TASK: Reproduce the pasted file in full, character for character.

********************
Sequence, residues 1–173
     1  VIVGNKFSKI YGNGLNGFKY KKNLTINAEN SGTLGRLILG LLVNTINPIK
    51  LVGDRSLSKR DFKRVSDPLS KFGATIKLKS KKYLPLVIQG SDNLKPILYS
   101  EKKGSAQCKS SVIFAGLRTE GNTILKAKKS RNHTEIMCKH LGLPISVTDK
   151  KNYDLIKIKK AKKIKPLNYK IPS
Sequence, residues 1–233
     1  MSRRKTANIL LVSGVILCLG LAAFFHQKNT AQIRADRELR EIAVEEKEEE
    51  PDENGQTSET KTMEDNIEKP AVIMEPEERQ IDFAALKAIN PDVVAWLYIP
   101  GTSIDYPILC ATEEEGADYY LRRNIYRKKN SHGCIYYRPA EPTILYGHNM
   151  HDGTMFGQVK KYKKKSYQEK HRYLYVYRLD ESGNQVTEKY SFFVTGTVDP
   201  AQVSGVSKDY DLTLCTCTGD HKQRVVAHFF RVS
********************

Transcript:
Sequence, residues 1–173
     1  VIVGNKFSKI YGNGLNGFKY KKNLTINAEN SGTLGRLILG LLVNTINPIK
    51  LVGDRSLSKR DFKRVSDPLS KFGATIKLKS KKYLPLVIQG SDNLKPILYS
   101  EKKGSAQCKS SVIFAGLRTE GNTILKAKKS RNHTEIMCKH LGLPISVTDK
   151  KNYDLIKIKK AKKIKPLNYK IPS
Sequence, residues 1–233
     1  MSRRKTANIL LVSGVILCLG LAAFFHQKNT AQIRADRELR EIAVEEKEEE
    51  PDENGQTSET KTMEDNIEKP AVIMEPEERQ IDFAALKAIN PDVVAWLYIP
   101  GTSIDYPILC ATEEEGADYY LRRNIYRKKN SHGCIYYRPA EPTILYGHNM
   151  HDGTMFGQVK KYKKKSYQEK HRYLYVYRLD ESGNQVTEKY SFFVTGTVDP
   201  AQVSGVSKDY DLTLCTCTGD HKQRVVAHFF RVS